Exergy destruction during the combustion process as functions of operating and design parameters for a spark‐ignition engine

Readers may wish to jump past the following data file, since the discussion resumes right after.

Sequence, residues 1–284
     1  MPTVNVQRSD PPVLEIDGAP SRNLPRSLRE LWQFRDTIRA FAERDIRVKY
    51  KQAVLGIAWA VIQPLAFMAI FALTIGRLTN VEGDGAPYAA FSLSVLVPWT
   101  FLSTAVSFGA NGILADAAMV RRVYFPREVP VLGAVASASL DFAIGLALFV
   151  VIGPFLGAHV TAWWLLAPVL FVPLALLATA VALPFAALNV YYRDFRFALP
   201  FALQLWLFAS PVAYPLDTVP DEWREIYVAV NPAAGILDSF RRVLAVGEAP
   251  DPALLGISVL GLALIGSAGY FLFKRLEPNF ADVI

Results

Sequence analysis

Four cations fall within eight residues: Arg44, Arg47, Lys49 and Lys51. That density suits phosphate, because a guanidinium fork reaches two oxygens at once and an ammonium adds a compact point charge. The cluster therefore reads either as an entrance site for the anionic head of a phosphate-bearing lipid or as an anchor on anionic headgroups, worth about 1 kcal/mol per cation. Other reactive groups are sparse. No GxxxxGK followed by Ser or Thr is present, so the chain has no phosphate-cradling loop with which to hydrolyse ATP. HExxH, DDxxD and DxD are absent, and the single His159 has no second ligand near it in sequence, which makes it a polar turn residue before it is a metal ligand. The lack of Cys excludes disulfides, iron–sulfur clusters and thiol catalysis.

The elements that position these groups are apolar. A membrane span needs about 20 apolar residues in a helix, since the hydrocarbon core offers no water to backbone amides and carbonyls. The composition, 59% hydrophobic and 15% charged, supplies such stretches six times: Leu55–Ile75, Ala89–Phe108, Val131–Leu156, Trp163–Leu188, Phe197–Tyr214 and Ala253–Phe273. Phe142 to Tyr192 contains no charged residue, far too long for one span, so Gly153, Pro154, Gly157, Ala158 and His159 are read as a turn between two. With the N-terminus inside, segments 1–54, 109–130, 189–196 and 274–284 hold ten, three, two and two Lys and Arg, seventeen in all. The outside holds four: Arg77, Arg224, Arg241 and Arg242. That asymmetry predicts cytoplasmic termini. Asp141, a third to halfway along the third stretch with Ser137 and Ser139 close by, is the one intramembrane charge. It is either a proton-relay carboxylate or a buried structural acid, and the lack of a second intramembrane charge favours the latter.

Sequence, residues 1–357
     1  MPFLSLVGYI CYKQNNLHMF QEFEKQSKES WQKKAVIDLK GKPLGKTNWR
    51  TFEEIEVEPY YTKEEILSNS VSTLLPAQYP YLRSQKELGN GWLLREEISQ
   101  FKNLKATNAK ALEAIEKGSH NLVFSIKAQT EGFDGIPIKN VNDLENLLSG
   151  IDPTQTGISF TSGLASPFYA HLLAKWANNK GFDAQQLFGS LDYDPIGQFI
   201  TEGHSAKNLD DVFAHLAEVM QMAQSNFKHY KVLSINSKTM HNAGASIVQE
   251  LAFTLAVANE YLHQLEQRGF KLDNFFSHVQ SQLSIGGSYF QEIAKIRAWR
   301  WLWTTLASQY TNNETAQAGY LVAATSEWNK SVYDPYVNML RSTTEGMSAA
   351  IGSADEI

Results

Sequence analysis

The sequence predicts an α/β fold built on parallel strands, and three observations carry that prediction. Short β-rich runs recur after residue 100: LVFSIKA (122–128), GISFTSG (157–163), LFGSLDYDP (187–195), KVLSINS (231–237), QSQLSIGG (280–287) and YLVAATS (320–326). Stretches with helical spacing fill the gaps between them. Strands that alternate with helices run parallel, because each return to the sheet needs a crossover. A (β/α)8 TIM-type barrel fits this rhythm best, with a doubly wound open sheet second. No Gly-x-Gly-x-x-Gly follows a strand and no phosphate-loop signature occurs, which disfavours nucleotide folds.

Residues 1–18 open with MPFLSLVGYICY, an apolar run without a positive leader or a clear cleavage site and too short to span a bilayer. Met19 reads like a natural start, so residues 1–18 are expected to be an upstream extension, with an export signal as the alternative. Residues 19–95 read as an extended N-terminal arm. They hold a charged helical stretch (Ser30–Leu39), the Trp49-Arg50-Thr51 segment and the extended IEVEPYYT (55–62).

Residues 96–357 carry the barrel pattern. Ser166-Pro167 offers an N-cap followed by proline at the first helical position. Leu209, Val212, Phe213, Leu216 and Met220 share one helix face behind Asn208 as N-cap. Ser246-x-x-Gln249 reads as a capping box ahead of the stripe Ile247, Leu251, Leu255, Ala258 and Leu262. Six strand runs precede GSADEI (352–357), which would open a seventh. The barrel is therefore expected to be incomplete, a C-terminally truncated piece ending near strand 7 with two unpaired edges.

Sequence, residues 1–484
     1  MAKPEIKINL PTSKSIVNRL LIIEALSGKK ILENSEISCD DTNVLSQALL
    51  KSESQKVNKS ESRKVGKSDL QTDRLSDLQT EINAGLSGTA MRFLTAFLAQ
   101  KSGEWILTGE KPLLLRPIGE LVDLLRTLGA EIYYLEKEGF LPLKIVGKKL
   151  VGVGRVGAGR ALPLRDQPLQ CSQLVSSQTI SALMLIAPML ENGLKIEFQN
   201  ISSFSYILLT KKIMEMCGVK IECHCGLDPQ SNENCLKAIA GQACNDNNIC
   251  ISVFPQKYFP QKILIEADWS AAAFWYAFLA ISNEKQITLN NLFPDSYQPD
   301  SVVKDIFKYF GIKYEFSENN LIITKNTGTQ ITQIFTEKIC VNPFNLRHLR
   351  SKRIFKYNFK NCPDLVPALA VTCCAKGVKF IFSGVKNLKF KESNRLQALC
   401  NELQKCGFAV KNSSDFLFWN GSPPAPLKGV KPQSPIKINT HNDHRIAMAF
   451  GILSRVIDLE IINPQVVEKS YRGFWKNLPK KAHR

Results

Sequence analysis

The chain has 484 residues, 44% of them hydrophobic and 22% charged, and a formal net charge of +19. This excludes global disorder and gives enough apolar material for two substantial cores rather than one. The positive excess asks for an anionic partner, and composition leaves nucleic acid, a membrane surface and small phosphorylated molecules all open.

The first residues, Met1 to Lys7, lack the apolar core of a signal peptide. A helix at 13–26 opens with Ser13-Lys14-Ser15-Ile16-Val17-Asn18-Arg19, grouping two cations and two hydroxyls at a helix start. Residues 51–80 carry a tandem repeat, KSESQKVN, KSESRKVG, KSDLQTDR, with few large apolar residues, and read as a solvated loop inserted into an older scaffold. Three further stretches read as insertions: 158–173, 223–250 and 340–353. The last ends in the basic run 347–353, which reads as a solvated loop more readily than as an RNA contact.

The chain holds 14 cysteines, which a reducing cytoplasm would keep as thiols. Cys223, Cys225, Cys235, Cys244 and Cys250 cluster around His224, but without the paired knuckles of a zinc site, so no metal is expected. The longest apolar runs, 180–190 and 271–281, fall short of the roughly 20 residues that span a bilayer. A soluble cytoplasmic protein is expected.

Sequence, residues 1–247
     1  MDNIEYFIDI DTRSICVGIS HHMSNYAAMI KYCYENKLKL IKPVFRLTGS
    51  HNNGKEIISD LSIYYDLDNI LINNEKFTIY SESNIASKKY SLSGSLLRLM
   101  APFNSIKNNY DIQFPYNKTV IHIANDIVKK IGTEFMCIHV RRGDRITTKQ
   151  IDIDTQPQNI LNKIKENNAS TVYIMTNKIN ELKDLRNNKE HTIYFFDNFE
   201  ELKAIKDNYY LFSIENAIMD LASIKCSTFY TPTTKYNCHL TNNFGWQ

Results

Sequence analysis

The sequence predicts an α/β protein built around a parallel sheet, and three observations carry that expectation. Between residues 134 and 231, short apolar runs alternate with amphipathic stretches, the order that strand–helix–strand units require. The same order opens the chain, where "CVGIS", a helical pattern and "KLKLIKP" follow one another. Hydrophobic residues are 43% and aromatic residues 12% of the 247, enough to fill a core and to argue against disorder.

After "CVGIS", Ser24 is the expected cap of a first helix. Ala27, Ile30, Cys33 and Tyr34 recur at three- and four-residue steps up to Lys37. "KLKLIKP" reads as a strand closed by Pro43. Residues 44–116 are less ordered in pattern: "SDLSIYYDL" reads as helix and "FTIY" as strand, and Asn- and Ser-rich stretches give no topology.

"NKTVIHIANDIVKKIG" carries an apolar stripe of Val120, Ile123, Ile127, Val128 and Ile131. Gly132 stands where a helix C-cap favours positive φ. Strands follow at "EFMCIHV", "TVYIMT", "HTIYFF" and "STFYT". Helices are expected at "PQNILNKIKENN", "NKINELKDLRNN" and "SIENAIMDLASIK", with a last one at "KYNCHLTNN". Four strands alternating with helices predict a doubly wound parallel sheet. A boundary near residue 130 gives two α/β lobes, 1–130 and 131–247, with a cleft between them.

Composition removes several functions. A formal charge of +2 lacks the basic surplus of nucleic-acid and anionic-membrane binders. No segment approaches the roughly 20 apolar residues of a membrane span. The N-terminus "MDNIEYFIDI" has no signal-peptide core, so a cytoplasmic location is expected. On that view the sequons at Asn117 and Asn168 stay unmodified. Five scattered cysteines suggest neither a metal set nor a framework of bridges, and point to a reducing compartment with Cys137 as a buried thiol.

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The second law of thermodynamics provides different perspectives compared with the first law, and provides the property exergy. Exergy is a measure of the work potential of energy from a given thermodynamic state. Unlike energy, exergy may be destroyed, and for reciprocating engines, the major source of this destruction is during the combustion process. This paper provides an overview of the quantitative levels of exergy destruction during the combustion process as function of engine operating and design parameters, and for eight fuels. The results of this study are based on a spark-ignition, automotive engine. The amount of exergy destroyed during the combustion process has been determined as functions of speed, load, equivalence ratio, start of combustion, combustion duration, combustion rate parameters, exhaust gas recirculation (EGR), inlet oxygen concentration, and compression ratio. In addition, design parameters that were examined included expansion ratio and the use of turbocharging. The fuels examined included isooctane (base), methane, propane, hexane, methanol, ethanol, hydrogen and carbon monoxide. For the part load base case (1400rpm and a bmep of 325kPa) using isooctane, the destruction of exergy was 20.8% of the fuel exergy. For many of the engine operating and design parameter changes, this destruction was relatively constant (between about 20 and 23%). The parameters that resulted in the greatest change of the exergy destruction were (1) equivalence ratio, (2) EGR, and (3) inlet oxygen concentration. For the base case conditions, the exergy destruction during the combustion process was different for the different fuels. The lowest destruction (8.1%) was for carbon monoxide and the highest destruction (20.8%) was for isooctane. The differences between the various fuels appear to relate to the complexity of the fuel molecule and the presence (or absence) of an oxygen atom. © 2011 John Wiley & Sons, Ltd.
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